• creatinine: A waste product from meat protein in the diet and from the muscles of the body. Creatinine is removed from blood by the kidneys; as kidney disease progresses, the level of creatine in the blood increases.

  • cyst: An abnormal sac containing gas, fluid or a semisolid material. Cysts may form in kidneys or other parts of the body.

  • cystic: Used to describe a cyst or material that forms, contains or is enclosed in a cyst.

  • dehydration: Dangerous lack of water in the body resulting from inadequate intake of fluids or excessive loss through sweating, vomiting or diarrhea.

  • diabetes: A medical disorder of increased blood sugar levels that can cause bladder and kidney problems.

  • diabetic: Having diabetes, a medical disorder that causes the body to produce an excessive amount or urine.

  • diagnosis: The process by which a doctor determines what disease or condition a patient has by studying the patient's symptoms and medical history, and analyzing any tests performed (e.g., blood tets, urine tests, brain scans, etc.).

  • dialysis : The process of cleaning wastes from the blood artificially. This job is normally done by the kidneys. If the kidneys fail, the blood must be cleaned artificially with special equipment. The two major forms of dialysis are hemodialysis and peritoneal dialysis.

  • dialysis: A technique to remove waste products from the blood and excess fluid from the body as a treatment for renal (kidney) failure. Restores electrolyte and water balance within the body. This job is normally done by the kidneys. The two major forms of dialysis are hemodialysis and peritoneal dialysis.

  • diuretic: A drug that increases the amount of water in the urine, removing excess water from the body.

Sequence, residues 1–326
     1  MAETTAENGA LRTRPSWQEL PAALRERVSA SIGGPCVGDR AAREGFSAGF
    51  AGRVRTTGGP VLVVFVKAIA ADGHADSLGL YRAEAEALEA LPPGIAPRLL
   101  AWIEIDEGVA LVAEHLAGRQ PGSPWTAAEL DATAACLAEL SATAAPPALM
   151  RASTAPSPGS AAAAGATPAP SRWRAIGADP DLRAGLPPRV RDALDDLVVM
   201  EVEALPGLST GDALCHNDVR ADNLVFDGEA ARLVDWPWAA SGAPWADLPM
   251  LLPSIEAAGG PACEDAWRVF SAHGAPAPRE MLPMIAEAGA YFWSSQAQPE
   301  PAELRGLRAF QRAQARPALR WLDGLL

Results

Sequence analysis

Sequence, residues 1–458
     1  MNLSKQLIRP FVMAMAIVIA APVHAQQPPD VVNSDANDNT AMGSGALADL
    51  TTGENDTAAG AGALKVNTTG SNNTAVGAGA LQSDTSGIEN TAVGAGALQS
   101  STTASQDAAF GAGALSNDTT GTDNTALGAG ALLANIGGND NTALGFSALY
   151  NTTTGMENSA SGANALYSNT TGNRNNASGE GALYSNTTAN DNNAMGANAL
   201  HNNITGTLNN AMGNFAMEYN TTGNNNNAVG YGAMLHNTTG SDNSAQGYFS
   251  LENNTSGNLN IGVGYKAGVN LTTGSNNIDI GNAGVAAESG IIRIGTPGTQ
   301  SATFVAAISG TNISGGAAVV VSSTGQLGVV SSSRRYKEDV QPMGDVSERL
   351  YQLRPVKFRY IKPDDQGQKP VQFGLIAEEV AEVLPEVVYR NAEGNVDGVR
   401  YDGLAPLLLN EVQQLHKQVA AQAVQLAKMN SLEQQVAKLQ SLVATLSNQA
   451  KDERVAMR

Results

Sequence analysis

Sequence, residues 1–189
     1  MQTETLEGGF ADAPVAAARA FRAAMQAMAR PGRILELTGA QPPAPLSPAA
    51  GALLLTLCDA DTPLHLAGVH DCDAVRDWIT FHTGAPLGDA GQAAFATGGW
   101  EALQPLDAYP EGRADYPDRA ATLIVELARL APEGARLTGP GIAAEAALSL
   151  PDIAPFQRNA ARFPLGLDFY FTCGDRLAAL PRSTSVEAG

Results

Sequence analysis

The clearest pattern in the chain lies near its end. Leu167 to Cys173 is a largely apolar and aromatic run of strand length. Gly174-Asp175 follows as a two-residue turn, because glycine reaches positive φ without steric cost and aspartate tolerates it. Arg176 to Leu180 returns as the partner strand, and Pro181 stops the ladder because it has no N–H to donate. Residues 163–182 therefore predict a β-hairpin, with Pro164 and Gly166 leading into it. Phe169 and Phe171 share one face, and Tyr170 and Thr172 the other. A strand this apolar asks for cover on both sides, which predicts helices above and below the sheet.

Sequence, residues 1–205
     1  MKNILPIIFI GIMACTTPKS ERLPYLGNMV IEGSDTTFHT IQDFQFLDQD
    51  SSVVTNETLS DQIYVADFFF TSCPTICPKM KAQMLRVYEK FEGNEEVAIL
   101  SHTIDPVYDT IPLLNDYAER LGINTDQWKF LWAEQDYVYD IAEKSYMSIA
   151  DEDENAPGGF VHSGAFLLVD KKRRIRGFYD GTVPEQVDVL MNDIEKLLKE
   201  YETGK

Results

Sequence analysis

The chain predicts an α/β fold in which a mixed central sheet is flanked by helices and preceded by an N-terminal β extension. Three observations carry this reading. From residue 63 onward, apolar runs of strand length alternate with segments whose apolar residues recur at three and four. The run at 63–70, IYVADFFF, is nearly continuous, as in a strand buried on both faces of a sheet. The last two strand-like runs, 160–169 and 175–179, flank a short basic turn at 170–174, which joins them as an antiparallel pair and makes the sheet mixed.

• glomeruli: Plural of glomerulus. Small balls of tiny blood vessels that assist the kidneys in filtering urine from the blood.

  • hemodialysis: See dialysis

  • hemodialysis: The use of a machine to clean wastes from the blood after the kidneys have failed. The blood travels through tubes to a dialyzer, which removes wastes and extra fluid. The cleaned blood then flows through another set of tubes back into the body.

  • high blood pressure: Medical term is hypertension.

  • hormone: A natural chemical produced in one part of the body and released into the blood to trigger or regulate particular functions of the body. Antidiuretic hormone tells the kidneys to slow down urine production.

  • hydronephrosis: Swelling of the top of the ureter, usually because something is blocking the urine from flowing into or out of the bladder.

  • hydronephrosis: Swelling at the top of the ureter, usually because something is blocking the urine from flowing into or out of the bladder.

  • hydronephrosis: Swelling at the top of the ureter usually because something is blocking the urine from flowing into or out of the bladder.

  • hyperplasia: Excessive growth of normal cells of an organ.

  • immunosuppressant: A drug given to suppress the natural immune responses. Immunosuppressants are given to transplant patients to prevent organ rejection or to patients with autoimmune diseases like lupus.

  • infection: A condition resulting from the presence of bacteria or other microorganisms.

  • inflammation: Swelling, redness, heat and/or pain produced in the area of the body as a result of irritation, injury or infection.

  • intravenous: Also referred to as IV. Existing or occurring inside a vein.

  • ions: Electrically charged atoms.

  • kidney: One of two bean-shaped organs that filter wastes from the blood and discharge these waste products in urine. The kidneys are located on either side at the level of the 12th ribs toward the back. The kidneys send urine to the bladder through tubes called ureters.

  • kidney stone: A stone that develops from crystals that form in urine and build up on the inner surfaces of the kidney, in the renal pelvis or in the ureters. (Also see nephrolithiasis.)

  • kidney transplantation: A procedure that places a healthy kidney from one person into a recipient's body.